Tags: Al-Qaida | Immigration | gadhafi | eu | immigration | libya

Gadhafi Was Right on Illegals

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Thursday, 02 June 2016 12:34 PM Current | Bio | Archive

Tents of African migrants that are popping up under bridges in Paris look nothing like Libyan leader, Colonel Moammar Gadhafi's tent that was pitched in the garden of Hôtel de Marigny, the government's official guest house, opposite the Elysée Palace in December 2007. But Gadhafi's tent was the foretaste to today's African illegal immigrants' makeshift camps littering the French Capital. Their spread forced the Mayor Anne Hidalgo, to announce the creation of the city's first refugee camp.

In 2010, Gadhafi warned the Europeans of the growing threat of African illegal immigration. On Aug. 30, 2010, as he ended his visit to Italy, the Libyan leader packed his tent and demanded that the European Union pays Libya 5 billion euros a year "to ensure its co-operation in preventing illegal immigration from Africa."

Gaddafi warned: "Europe . . . could turn into Africa. There is a dangerous level of immigration from Africa into Europe, and we don't know what will happen. What will be the reaction of the white Christian Europeans to this mass of hungry, uneducated Africans? We don't know if Europe will remain an advanced and cohesive continent or if it will be destroyed by this barbarian invasion."

Gadhafi urged the Europeans to "imagine that this could happen, but before it does we need to work together." But the Europeans, despite the already increase number of African refugees, accused Gadhafi of blackmail. And when Libyan Muslim Brotherhood-affiliated rebels joined the "Arab Spring," European and American forces intervened militarily in March 2011 to remove Gadhafi.

Their help resulted in a war-torn country with daily violent clashes. This gave al-Qaida's adherents the opportunity "to establish well-armed, well-trained and combat-experienced militias," as a report by the Federal Research Division of the Library of Congress concluded in August 2012. This turned Libya into fertile ground for ISIS.

Libya's coastline's strategic importance as a step-stone to Europe was not wasted on ISIS. In January 2015, ISIS started to ship more than a million Muslim refugees to the Italian island of Lampedusa, just 300 kilometers away from the Libyan coastline. This was followed by repeated calls for ISIS operatives to travel to Libya. Intelligence sources reported that "ISIS earns millions of dollars from taking part in the networks that smuggle migrants to Europe."

It is unknown the ISIS operatives arrived in Europe via Libya as refugees. But until Feb. 18, 2016 ISIS operatives who traveled to Libya after March 1, 2011, had the ability to return to the U.S. from any country with a U.S. Visa Waiver Program. This made it also easier for ISIS operatives to legally enter European countries.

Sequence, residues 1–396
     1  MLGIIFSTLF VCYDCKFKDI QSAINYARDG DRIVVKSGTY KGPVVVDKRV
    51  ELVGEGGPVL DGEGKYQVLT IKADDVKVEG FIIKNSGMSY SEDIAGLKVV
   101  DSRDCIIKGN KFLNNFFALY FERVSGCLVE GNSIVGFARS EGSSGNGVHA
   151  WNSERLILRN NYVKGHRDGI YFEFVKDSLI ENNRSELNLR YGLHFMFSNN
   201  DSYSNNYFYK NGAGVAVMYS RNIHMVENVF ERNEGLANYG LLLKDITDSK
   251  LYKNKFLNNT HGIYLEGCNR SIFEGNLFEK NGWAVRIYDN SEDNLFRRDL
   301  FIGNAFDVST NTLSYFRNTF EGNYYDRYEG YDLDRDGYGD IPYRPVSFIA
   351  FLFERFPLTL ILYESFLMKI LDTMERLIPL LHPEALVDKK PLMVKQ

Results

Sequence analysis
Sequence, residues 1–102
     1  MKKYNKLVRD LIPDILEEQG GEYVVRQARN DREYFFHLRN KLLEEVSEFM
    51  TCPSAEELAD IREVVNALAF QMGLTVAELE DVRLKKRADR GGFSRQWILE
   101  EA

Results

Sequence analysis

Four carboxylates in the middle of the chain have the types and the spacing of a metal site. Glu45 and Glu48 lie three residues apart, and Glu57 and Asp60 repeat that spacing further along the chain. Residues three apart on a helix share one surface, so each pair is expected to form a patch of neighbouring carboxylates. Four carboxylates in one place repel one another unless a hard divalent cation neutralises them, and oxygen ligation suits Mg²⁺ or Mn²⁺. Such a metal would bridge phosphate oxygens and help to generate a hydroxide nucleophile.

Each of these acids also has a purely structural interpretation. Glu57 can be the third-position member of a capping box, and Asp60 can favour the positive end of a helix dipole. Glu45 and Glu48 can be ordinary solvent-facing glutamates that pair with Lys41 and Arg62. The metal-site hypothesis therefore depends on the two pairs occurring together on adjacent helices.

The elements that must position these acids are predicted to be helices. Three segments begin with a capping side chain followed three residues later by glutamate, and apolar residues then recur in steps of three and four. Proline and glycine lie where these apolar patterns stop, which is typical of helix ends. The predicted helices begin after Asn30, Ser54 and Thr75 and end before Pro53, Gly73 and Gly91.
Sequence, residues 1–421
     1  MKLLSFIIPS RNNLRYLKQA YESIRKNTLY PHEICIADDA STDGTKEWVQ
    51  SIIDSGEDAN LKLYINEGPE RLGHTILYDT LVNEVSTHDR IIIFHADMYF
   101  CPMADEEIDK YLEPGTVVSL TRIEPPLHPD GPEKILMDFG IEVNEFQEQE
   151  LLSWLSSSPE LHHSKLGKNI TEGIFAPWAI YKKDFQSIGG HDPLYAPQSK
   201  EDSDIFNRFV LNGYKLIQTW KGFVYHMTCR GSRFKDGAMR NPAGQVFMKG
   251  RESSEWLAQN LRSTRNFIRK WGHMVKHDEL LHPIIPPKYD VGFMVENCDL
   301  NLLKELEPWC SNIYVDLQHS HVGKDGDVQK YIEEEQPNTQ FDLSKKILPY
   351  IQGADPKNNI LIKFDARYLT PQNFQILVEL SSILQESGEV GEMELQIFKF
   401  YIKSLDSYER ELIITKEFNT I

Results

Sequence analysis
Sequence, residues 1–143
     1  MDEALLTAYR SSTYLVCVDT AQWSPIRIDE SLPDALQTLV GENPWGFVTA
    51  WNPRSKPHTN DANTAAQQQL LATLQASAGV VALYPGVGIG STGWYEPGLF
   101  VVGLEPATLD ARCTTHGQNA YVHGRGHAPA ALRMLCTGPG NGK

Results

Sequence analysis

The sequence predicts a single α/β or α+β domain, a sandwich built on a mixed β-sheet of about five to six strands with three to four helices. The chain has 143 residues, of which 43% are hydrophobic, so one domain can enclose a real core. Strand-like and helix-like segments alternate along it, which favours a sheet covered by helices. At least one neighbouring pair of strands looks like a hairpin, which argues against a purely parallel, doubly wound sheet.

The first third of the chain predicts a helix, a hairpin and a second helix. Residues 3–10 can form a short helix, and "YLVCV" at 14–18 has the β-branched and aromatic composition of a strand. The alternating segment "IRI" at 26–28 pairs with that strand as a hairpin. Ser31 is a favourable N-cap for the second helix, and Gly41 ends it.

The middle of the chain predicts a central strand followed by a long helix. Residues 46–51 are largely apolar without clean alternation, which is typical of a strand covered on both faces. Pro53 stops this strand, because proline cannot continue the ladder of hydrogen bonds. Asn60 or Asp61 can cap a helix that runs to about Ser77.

Gadhafi rightly predicted that the economic, social and security problems would overwhelm Europe. He did not threaten Europe and demanded less than Turkey's Islamist President Recep Tayyip Erdogan.

As refugees from the Middle East, Asia, and Africa are continuing to flood Europe, Muslim Brother Erdogan, who initially assisted ISIS, and who has made no secret of his aspiration to re-establish the Ottoman Empire, is demanding billions of euros (6 billion euro according to the Turks, only 3 billion euro according to the EU) from the European Union to hold millions of refugees in Turkey. Moreover, he demands the money together with speeding up Turkey's full accession into the EU, and in the interim, allowing all Turkish nationals visa-free travel.

In the meantime, Erdogan attempts, sometimes successfully, to curb Europeans' free speech, and intervenes in EU members' internal affairs. This week he threatened the German parliament from adopting a resolution labeling the 1915 Turkish massacre of 1.5 million Armenians, as "genocide." The vote in favor was overwhelming in the Bundestag (lower house).

Ankara responded swiftly; The Turkish Foreign Minister berated the German charge d’affairs, and Erdogan threatened actions that could harm the relations with Germany, using the refugees as a bargaining chip.


Rachel Ehrenfeld is founder and CEO of the American Center for Democracy and the Economic Warfare Institute. She has testified before congressional committees; Canadian, European and British Parliaments. She has also testified as an expert in U.S. courts. Ehrenfeld is the author of "Funding Evil: How Terrorism is Financed and How to Stop It." Read more of her reports, Go Here Now.

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Tents of African migrants that are popping up under bridges in Paris look nothing like Libyan leader, Colonel Moammar Gadhafi's tent that was pitched in the garden of Hôtel de Marigny, the government's official guest house, opposite the Elysée Palace in December 2007.
gadhafi, eu, immigration, libya
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2016-34-02
Thursday, 02 June 2016 12:34 PM
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